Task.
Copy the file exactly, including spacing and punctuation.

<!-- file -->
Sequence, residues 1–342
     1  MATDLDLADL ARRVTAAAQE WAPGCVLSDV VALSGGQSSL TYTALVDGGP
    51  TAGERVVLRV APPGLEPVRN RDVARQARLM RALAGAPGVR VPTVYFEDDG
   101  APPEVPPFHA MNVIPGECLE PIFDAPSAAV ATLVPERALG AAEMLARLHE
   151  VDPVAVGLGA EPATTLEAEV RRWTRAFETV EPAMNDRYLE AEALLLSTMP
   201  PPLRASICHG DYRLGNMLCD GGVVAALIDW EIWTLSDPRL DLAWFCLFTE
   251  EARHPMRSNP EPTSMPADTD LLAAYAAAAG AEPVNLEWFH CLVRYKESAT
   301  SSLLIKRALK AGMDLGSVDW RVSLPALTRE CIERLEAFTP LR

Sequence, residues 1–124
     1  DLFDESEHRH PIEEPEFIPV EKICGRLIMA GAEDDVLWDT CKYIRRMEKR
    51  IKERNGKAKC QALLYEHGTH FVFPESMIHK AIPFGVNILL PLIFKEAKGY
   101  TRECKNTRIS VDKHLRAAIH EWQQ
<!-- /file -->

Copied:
Sequence, residues 1–342
     1  MATDLDLADL ARRVTAAAQE WAPGCVLSDV VALSGGQSSL TYTALVDGGP
    51  TAGERVVLRV APPGLEPVRN RDVARQARLM RALAGAPGVR VPTVYFEDDG
   101  APPEVPPFHA MNVIPGECLE PIFDAPSAAV ATLVPERALG AAEMLARLHE
   151  VDPVAVGLGA EPATTLEAEV RRWTRAFETV EPAMNDRYLE AEALLLSTMP
   201  PPLRASICHG DYRLGNMLCD GGVVAALIDW EIWTLSDPRL DLAWFCLFTE
   251  EARHPMRSNP EPTSMPADTD LLAAYAAAAG AEPVNLEWFH CLVRYKESAT
   301  SSLLIKRALK AGMDLGSVDW RVSLPALTRE CIERLEAFTP LR

Sequence, residues 1–124
     1  DLFDESEHRH PIEEPEFIPV EKICGRLIMA GAEDDVLWDT CKYIRRMEKR
    51  IKERNGKAKC QALLYEHGTH FVFPESMIHK AIPFGVNILL PLIFKEAKGY
   101  TRECKNTRIS VDKHLRAAIH EWQQ